Rhodesian guerrilla leader Robert Mugabe said here yesterday that he no longer regards the Carter administration as "impartial" in the Rhodesian dispute and warned that its involvement in the search for a negotiated settlement might now be unacceptable.
Mugabe called the latest Anglo-American proposals for a Rhodesian settlement "nonsensical" and held out little hope for the U.S. and British efforts to bring together all the parties in the bitter dispute at one conference.
Calling Rhodesian Prime Minister Ian Smith's visit to the United States "tacit recognition" of his white-dominated government and a "somersault" in the administration's policy, Mugabe said his party was reviewing its whole position toward the American role and soon would issue a formal statement.
"We don't have to negotiate with the United States," he said in an interview. "The only colonial power is Britain.
"If the United States is now actually subverting us and suddenly introducting the issue of legal recognition of the internal [Rhodesian] regime, then in our opinion it has exceeded the limits of the jurisdiction we have allowed it," he said.
The United States is "no longer unbiased . . . no longer impartial," he added.
In any case, the bespectacled guerrilla leader held out little hope for the success of British and American efforts to convoke a conference of the Rhodesian biracial traditional government which the two externally based coleaders of the black nationalist Patriotic Front, Magabe himself and Joshua Nkomo.
"I don't see the possibility of an all-party conference yielding any settlement," he said. "To hold a meeting is one thing. To agree is another. So the war has got to continue."
Mugabe said new British-American proposals for a settlement eliminating the need for a elections had come as "a real surprise" to him "because all along the British had been accusing us of wanting to circumvent elections and impose a dictatorial government."
He said his party, the Zimbabwe African National Union (Zanu), was sticking to its position that elections should be held for a new black majority government before Britain recognized the country's formal independence.
Elections for a black majority government initially were regarded as the key British precondition for recognition of Rhodesian independence. But Britain and the United States have now submitted new proposals that would grant Western recognition of an interim transitional government.
There has been no reaction yet from Mugabe's co-leader of the guerrilla Patriotic Front, Nkomo. Western observers here have suggested that the new proposal may be an attempt to split Mugabe and Nkomo so that the later might reach an agreement with Smith.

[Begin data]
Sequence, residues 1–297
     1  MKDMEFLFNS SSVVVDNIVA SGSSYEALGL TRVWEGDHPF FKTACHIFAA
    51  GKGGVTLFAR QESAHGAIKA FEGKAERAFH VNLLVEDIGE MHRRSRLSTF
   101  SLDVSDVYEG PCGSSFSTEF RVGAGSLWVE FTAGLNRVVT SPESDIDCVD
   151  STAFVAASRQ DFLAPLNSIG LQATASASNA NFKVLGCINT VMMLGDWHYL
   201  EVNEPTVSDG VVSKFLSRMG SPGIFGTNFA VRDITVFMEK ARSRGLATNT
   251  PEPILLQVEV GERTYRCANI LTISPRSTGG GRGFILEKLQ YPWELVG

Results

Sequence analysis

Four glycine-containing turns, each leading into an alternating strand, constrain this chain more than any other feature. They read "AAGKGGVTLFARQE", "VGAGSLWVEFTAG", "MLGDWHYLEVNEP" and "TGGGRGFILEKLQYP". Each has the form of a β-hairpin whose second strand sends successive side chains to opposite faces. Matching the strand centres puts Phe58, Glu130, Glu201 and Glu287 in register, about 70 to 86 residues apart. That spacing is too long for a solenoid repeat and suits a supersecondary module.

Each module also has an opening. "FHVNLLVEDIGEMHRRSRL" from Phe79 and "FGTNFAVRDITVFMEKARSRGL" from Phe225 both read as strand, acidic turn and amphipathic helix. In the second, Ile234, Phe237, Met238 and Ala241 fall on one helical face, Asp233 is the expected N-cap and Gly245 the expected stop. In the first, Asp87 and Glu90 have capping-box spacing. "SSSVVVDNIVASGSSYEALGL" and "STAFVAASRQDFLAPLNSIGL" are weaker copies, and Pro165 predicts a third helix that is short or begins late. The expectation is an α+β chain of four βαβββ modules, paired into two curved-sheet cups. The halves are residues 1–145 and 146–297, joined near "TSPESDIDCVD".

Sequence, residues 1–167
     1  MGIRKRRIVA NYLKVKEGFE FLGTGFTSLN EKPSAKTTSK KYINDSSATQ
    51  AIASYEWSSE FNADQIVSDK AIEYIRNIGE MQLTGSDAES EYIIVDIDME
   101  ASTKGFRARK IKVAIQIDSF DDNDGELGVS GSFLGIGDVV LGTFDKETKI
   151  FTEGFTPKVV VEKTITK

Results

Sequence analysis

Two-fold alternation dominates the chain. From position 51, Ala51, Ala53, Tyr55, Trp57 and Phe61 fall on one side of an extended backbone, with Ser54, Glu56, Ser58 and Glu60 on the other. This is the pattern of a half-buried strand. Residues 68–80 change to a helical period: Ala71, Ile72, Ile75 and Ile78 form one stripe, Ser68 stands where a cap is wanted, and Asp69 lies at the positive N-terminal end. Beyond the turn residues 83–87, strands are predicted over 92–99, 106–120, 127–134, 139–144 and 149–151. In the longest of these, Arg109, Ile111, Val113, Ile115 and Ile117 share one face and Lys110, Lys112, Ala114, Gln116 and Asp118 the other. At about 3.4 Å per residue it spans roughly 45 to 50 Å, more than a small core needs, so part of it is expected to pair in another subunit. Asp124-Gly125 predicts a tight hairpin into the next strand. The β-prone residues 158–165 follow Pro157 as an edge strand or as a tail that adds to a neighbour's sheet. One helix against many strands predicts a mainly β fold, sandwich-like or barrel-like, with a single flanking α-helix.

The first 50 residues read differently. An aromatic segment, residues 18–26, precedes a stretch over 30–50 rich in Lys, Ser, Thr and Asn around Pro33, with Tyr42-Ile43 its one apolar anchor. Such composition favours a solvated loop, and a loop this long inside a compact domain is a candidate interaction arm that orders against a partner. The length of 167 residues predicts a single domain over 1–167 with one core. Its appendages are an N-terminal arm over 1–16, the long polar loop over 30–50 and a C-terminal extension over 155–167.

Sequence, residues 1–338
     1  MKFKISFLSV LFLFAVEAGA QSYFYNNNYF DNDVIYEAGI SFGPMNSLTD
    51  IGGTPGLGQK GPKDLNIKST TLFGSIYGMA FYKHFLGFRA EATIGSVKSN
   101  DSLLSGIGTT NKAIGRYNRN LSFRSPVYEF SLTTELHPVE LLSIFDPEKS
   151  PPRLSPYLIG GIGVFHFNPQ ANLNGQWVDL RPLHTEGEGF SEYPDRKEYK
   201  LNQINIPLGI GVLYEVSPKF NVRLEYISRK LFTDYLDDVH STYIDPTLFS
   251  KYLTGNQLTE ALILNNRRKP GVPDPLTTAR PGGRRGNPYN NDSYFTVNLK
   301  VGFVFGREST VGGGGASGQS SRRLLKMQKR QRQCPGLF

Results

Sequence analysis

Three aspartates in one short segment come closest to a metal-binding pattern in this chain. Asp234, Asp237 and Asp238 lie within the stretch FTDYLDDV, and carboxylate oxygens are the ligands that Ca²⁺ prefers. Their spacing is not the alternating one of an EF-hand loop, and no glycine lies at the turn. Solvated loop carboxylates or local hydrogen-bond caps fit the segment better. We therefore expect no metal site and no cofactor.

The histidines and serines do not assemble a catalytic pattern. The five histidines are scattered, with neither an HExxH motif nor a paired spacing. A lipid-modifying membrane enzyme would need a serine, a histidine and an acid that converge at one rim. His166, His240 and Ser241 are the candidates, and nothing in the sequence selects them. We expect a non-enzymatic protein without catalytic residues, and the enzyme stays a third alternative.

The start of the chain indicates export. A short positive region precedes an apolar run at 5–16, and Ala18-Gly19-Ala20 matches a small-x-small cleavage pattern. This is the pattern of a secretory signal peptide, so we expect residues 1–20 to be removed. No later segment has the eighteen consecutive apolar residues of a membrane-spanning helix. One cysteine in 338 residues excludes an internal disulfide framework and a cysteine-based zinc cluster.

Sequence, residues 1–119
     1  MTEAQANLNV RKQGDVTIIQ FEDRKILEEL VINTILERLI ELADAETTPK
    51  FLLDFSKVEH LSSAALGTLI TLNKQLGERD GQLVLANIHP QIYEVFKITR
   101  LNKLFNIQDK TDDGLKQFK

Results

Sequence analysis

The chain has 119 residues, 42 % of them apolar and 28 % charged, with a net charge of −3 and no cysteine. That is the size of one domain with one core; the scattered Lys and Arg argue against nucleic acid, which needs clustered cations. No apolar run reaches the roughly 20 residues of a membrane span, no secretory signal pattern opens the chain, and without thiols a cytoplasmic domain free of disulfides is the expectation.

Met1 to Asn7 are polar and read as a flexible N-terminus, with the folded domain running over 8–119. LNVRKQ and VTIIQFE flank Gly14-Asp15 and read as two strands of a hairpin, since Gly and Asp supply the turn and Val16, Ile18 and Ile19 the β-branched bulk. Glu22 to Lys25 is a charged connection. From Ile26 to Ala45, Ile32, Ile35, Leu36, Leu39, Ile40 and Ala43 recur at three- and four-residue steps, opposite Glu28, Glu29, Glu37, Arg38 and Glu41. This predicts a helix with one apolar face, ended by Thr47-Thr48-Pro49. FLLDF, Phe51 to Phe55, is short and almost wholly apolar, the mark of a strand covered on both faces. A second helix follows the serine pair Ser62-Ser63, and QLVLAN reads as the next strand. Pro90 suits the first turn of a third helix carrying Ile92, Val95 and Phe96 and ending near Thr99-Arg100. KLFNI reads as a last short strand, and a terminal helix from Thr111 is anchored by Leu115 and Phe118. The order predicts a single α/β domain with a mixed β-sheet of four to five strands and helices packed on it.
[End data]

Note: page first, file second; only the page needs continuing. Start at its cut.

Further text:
Britain, the former colonial power, has never accepted the unilateral declaration of independence by the whites of Rhodesia 13 years ago. Last fall, Britain and the United States published a plan for a peaceful transition to black majority rule and the two Western powers have been trying ever since to arrange a peace conference including all parties.
Mugabe said that when British envoy John Graham and U.S. Ambassasdor Stephen Low first presented the latest Western peace plan to him here in early September "we just looked at it and laughed."
"There they were running away from the democratic process - their own elections," he said. "We have now to chase them and try to whip them into line . . . Tha's a very strange phenomenon."
Mugabe is generally regarded in the West as the most radical of Rhodesia's black nationalist leaders because his party was openly adopted a Marxist-Leninist line and had been primarily responsible for the escalation of the guerrilla war over the past six years.
Mugabe said he viewed the new British-American peace plan as aimed at merging the present transitional government with the Patriotic Front in a new governing coalition where he and Nkomo would be in a clear minority. There are now three black leaders serving on a ruling Executive Council with Prime Minister Smith.
one of the black leaders, the Rev. Ndabaningi Sithole, is presently visiting the United States with Smith.
"I cannot see ZANU being in the majority," said Mugabe. "We have definite policies we would like to safeguard. We regard ourselves as the most revolutionary organization in the country. What we have set in motion, we would like to preserve. But the others would like to destroy it," he said, referring to the black and white leaders in the transitional government headed by Smith.
Relaxed, smiling and appearing extremely confident, Mugabe predicted that the Patriotic Front could win the war in Rhodesia within two years.
"Given the necessary quantity and quality of arms, I don't give Smith another two years unless some very major support comes his way by way of open military assistance from the Western powers," he said. But even Western troops and arms "cannot save him," he added.
He said ZANU now had established "fully liberated zones" inside Rhodesia with around 750,000 of the country's 6.7 million blacks living in them. Rhodesian planes might overfly these areas, but ground troops no longer came into them, he said.
The Patriotic Front is in a position to win either way, he suggested, whether the war is fought to the finish or elections are held under British or U.N. auspices. But he ruled out any elections before independence if the Front wins on the battlefield.
"We would like to see that stage (elections) fulfilled before independence is granted," he said. "Of course, that is not to say that if we win through the barrel of the gun we will have elections before independence. We will establish ourselves in power and then work for the elections thereafter."